Tyco Security is on an aggressive mode to tap the Indian healthcare space to provide advanced Elpas Location Based Tracking solutions to trace not just people but medical assets. Elpas is a brand of Tyco Security Products known for location-based tracking and intrusion solutions in the security industry. In fact Tyco’s portfolio is one of […]
February 22, 2014 — Chicago, IL (PRWEB) February 22, 2014 CareVia ( http://www.CareVia.com ), the premier provider of remote patient monitoring and communications, and the Intelligent Hospital, a subsidiary of the RFID in Healthcare Consortium, today announced that CareVia will be the official video safety and biometric patient monitoring platform for the Intelligent Hospital Pavilion at HIMSS 2014 in Orlando, Fla., from Feb. 23-26, 2014. As the healthcare landscape shifts to value-based care, the importance of making patient biometric data available in real-time has become increasingly important to the success of clinical and wellness organizations. A simple solution to a complex problem, CareVia automates key elements of remote population monitoring, management and communication, allowing for a real-time bi-directional flow of data, insights and communications. An end-to-end software solution, CareVia provides a secure means to acquire, transmit, store and access biometric patient information remotely at the hospital, in the home or on the go. As part of its service suite, CareVia also provides integrated HIPAA-compliant video conferencing and safety surveillance. With over 7,000 visitors last year, the Intelligent Hospital Pavilion is one of the most popular attractions at HIMSS, and will provide exciting demonstrations and use cases of health information technology from multiple collaborating vendors. At the Intelligent Hospital Pavilion, CareVia will be showcasing its remote monitoring and video safety platform. The operating rooms, intensive care unit, patient recovery rooms, cardiovascular center and home will be wired with CareVias monitoring technology. The video footage will be streamed in real-time […]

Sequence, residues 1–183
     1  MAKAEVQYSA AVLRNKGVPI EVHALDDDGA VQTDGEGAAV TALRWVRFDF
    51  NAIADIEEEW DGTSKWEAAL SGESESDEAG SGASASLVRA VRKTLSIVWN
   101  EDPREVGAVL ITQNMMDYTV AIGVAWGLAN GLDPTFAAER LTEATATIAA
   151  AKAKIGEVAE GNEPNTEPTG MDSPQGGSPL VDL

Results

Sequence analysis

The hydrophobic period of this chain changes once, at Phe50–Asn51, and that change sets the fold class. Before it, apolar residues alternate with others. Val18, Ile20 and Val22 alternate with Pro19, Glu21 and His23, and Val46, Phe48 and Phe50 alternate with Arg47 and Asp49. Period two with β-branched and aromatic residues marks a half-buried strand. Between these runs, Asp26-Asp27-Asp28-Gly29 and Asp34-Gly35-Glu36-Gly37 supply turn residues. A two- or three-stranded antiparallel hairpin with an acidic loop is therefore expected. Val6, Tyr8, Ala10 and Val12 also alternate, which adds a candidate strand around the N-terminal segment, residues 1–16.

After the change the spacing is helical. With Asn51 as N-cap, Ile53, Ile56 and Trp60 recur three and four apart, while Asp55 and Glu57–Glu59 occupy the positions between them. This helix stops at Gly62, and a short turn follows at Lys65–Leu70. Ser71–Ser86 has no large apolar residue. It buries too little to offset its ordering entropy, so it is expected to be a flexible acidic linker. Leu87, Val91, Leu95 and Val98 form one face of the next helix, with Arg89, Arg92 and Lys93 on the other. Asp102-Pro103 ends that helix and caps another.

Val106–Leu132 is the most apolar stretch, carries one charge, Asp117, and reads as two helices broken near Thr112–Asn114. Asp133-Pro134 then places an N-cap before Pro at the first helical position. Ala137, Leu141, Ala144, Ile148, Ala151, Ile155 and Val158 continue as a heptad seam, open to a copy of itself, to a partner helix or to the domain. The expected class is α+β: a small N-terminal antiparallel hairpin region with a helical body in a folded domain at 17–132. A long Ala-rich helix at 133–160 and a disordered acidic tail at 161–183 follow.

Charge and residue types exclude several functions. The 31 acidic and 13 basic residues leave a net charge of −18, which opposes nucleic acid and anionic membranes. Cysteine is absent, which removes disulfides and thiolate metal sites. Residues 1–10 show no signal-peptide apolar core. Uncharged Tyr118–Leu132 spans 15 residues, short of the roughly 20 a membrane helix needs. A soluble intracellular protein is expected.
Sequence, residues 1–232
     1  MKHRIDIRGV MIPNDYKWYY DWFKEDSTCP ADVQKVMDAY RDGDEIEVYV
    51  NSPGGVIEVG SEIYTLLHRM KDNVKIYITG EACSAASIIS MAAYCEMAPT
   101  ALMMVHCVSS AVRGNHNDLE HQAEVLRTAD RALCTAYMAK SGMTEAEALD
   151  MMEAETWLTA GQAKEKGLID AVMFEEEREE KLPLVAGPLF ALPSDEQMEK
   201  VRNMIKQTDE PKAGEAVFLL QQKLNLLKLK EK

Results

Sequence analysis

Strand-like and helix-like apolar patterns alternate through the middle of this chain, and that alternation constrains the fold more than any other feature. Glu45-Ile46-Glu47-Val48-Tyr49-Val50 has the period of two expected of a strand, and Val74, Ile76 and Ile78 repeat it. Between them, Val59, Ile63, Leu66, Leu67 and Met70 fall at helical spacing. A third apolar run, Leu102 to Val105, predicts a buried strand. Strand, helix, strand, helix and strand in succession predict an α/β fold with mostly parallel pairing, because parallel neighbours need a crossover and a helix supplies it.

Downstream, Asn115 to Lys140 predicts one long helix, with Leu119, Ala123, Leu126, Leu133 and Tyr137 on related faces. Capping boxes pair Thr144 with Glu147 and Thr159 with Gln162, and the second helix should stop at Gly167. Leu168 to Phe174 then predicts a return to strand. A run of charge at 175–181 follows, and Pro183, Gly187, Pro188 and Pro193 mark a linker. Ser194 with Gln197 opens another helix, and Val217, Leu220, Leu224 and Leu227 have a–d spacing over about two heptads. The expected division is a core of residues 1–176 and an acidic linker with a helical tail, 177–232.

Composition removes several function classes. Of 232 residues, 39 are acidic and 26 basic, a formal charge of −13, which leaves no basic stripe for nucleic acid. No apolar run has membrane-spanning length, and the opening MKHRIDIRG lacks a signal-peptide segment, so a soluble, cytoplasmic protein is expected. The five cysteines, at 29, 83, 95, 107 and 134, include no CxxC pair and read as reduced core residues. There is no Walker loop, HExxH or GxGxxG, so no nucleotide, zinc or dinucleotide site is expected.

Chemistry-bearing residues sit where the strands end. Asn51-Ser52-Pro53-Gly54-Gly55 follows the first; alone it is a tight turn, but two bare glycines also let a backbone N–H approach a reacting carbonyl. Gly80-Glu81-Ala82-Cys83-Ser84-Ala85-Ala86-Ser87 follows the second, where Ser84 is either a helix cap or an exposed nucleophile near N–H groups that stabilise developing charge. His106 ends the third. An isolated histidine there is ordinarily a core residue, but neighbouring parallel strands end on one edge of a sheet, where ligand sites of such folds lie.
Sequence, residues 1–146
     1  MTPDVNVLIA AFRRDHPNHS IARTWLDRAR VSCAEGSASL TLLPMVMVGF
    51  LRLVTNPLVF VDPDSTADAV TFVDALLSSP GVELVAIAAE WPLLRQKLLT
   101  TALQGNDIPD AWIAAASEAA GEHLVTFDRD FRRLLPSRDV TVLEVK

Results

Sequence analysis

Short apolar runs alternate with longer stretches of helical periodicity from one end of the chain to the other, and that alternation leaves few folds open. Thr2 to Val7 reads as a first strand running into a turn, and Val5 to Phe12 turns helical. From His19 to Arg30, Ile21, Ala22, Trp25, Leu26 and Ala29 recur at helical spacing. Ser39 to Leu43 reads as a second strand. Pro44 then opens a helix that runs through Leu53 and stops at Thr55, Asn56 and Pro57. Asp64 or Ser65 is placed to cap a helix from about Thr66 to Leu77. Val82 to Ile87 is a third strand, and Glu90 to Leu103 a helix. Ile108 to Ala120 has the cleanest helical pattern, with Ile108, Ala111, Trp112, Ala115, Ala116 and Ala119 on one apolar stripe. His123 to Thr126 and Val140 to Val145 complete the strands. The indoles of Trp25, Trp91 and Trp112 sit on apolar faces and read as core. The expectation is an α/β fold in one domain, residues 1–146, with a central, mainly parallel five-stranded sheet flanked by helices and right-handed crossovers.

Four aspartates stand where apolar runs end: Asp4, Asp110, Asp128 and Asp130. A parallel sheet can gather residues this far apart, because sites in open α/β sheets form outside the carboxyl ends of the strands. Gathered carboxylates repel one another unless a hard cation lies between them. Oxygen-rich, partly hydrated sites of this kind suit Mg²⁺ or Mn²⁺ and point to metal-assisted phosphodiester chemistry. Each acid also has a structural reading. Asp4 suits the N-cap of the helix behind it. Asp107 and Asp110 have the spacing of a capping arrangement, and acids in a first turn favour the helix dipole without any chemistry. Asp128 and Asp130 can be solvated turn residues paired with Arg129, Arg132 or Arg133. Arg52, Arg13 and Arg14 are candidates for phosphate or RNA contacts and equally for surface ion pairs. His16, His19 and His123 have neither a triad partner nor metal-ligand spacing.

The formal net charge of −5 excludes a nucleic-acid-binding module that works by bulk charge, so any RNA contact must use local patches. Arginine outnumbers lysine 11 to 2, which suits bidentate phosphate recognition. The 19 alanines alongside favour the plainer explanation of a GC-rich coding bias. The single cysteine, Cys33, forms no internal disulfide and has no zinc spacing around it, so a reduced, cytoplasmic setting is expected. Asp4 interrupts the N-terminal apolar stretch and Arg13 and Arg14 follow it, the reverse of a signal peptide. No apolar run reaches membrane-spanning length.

Neil Webb HANOVER, N.H. — DESPITE the intensely personal moments that happen in hospitals, patient privacy can be elusive. Hospitals are multimillion-dollar corporations that look like shopping malls and function like factories. Doctors knock on exam room doors to signal they are about to enter — not to ask permission. The curtain that encircles the hospital bed always lets in a crack of light. Yet we do expect some degree of privacy in hospitals. We trust doctors with our secrets in part because they take a 2,000-year-old Hippocratic oath to respect our privacy, an oath enforced by laws like the Health Insurance Portability and Accountability Act . But sometimes, doctors have to weigh patients’ privacy against their health and safety, and that’s when things get complicated. The use of video monitoring — covert or disclosed, of patients or providers — has proliferated as high-quality, inexpensive technology has become increasingly accessible. The possibilities range from watching elderly patients at risk of falling in their rooms to recording doctors and nurses at sinks to make sure they’re washing their hands. My hospital, where I am chairman of the bioethics committee, recently wrestled with the question of where patient and family privacy ends. Nurses in the neonatal intensive care unit (N.I.C.U.) worried that a premature infant, whom I’ll call Rickie to protect his identity, was being harmed by his parents. Rickie had been released a week earlier from our hospital to a penniless couple in their early 20s whom Child Protection Services […]